Wednesday, June 12, 2013

99% Mud

All Critics (139) | Top Critics (31) | Fresh (137) | Rotten (2)

There is an enchanted-fairy-tale aspect to Mud, but its bright, calm surface only barely disguises a strong, churning undercurrent.

A modern fairy tale, steeped in the sleepy Mississippi lore of Twain and similar American writers, and with a heart as big as the river is wide.

Nichols has a strong feeling for the tactility of natural elements-water, wood, terrain, weather.

Nichols takes his time with the story, dwelling on how the boy is shaped by the killer's tragic sense of romance, yet the suspense holds.

"Mud" isn't just a movie. It's the firm confirmation of a career.

"Mud" unfolds at its own pace, revealing its story in slivers. The performances are outstanding, especially from Sheridan, who plays tough, sweet, vulnerable and confused with equal conviction.

Mud is as beautiful to watch as it is to listen to, and feel kinship to, whether you're from the South or just Southern at heart.

In Jeff Nichols, America has a champion of the religious and working class. With the schism between the right and left in the U.S. growing ever larger... his ascent couldn't have come at a better time.

This is a film with a great naturalistic style and captivating performances and which does just about everything right.

This is American cinema at its very best as Huckleberry Finn meets Stand By Me.The two boys are terrific and McConaughey is sensational as Mud, dazzlingly frazzled as the hunted and haunted man on the run.

Up till just past the three-quarter mark, Mud is one heck of a nifty psychological fable.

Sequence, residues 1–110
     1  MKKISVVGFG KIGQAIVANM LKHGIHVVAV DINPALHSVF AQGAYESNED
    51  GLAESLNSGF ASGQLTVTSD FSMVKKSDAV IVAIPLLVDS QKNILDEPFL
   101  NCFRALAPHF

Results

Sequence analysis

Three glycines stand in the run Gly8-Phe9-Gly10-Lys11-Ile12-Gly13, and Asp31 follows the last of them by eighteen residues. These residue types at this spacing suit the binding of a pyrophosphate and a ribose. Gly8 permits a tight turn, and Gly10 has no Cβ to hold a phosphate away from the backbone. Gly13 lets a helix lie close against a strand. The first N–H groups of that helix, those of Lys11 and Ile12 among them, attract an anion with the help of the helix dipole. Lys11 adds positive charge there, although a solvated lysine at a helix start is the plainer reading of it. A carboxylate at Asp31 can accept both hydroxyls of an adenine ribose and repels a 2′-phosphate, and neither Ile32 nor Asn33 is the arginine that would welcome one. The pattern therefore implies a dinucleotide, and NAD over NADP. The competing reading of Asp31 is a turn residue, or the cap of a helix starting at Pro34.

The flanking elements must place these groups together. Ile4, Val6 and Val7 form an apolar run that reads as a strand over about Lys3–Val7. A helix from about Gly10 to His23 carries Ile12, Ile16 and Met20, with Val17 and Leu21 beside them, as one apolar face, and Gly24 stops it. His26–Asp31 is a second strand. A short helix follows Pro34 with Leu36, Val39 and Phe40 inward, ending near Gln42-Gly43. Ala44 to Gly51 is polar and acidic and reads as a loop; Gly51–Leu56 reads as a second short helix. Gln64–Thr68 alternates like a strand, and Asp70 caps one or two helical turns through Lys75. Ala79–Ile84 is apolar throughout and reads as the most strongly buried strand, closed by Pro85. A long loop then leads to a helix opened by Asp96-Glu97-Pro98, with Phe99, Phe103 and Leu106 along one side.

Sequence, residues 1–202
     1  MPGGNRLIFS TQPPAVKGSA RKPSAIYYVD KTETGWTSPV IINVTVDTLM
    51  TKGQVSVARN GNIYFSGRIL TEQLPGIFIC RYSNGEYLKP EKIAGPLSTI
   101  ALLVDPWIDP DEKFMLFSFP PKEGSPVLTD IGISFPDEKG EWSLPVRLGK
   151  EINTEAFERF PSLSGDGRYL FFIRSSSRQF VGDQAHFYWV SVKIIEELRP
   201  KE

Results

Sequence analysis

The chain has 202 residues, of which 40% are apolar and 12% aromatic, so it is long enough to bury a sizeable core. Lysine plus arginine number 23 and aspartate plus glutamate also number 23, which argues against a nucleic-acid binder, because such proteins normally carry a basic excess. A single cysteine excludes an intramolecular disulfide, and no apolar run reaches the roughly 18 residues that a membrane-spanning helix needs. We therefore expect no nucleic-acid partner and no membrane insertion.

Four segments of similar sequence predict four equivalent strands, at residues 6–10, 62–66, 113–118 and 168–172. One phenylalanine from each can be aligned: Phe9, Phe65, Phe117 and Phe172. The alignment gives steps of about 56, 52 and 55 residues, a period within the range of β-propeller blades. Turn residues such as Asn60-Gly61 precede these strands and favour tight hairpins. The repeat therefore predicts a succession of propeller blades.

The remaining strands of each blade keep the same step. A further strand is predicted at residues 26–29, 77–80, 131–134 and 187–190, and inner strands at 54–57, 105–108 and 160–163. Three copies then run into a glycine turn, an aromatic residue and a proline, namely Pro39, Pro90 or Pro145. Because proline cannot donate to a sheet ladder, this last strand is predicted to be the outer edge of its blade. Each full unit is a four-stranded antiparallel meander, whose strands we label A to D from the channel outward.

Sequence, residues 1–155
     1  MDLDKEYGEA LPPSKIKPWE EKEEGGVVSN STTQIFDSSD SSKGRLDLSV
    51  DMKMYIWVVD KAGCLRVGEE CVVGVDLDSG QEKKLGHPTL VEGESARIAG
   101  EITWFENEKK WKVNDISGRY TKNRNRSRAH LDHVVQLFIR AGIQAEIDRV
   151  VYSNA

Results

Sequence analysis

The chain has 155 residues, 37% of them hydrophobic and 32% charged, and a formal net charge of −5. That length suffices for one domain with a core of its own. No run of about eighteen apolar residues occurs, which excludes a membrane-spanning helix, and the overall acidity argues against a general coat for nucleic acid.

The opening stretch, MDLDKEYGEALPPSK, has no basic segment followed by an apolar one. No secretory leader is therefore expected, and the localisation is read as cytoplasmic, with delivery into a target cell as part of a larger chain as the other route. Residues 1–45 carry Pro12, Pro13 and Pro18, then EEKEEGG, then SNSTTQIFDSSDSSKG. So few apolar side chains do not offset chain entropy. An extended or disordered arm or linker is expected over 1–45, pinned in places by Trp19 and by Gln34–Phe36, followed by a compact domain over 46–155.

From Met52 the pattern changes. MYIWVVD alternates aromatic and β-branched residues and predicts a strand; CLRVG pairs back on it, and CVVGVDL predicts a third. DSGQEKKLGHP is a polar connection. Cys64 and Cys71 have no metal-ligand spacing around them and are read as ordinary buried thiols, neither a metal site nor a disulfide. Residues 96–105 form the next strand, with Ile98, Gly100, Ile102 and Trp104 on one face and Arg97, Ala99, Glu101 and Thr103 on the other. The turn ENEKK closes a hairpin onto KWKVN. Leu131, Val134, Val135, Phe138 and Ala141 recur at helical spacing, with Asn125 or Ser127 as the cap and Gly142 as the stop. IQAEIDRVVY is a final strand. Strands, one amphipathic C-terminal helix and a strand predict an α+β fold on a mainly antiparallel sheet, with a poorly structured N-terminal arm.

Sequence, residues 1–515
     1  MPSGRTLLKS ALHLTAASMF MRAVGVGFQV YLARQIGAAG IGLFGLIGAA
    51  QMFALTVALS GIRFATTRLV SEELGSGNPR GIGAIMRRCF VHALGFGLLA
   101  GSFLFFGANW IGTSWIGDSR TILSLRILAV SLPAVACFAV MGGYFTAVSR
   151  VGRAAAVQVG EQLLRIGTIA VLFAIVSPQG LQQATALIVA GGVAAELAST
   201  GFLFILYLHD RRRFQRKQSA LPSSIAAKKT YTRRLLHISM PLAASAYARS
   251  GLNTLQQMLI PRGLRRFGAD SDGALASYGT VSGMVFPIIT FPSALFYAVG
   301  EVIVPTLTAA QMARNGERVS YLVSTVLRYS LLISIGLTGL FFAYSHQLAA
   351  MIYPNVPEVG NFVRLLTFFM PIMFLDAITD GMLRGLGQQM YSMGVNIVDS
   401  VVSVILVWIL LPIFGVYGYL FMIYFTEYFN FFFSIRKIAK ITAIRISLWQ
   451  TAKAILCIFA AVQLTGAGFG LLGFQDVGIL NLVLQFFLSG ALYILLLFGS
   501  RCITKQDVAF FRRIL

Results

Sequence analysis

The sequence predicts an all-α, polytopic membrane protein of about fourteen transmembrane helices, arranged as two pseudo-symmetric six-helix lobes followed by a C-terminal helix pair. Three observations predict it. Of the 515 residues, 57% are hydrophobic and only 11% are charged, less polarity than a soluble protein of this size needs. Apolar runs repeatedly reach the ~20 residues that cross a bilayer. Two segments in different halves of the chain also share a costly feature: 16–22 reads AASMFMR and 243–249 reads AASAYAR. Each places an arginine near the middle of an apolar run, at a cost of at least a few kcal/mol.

The Southern-fried drama "Mud" is an electrifying example of what happens when you merge a crackerjack yarn with a very specific setting, and then pour on the heat with riveting performances.

McConaughey and Sheridan 's acting skills, as well as those of the entire supporting cast, make this movie better than it ought to be.

It gets under our skin because Nichols gives us time to come to know Mud's island like the places we knew as children.

As Mud might say, it's a hell of a thing.

The boys are so skillfully played that Mud also plays like cinema verite. Nichols' fluid camerawork suggests a documentary-style approach. That helps these young lads transform into flesh-and-blood characters who get our attention and support.

Sheridan, who played the Terrence Malick surrogate in The Tree Of Life, is terrific at conveying adolescent confusion with tiny squints and frowns, and McConaughey plays off him masterfully.

Carefully crafting films that fly just below the political radar, director-writer Jeff Nichols is slowly, but surely, reweaving the fabric of the American dream.

It's totally worth it to pay good money to see a good, little film nestled between theaters showing 'Iron Man 3' and 'The Great Gatsby.' (Complete Content Details for Parents also available)

This is a junior adventure story echoing Huckleberry Finn and Stand By Me, a tale which is in no hurry to unfold, but beautifully done, exquisitely performed, and filled with terror and wonder.

Beautifully acted, intellectually engaging, and dramatically satisfying, Mud deserves to rocket to the top of your must-see list.

Nichols is a gifted writer-director who knows how to get into the heads of his characters. And this film has superior actors who create people who are intriguing and hugely involving.

'Mud' is a standout film in this 'coming of age' genre mainly because of its central character, one tough, warm-hearted, stubborn little kid who believes in the power of love, above all else.

Other than pacing problems that needlessly stretch the film past the two-hour mark, 'Mud' slings the dirt and sweat with the best of them, as it both mourns and celebrates a way of life that's all but disappeared.

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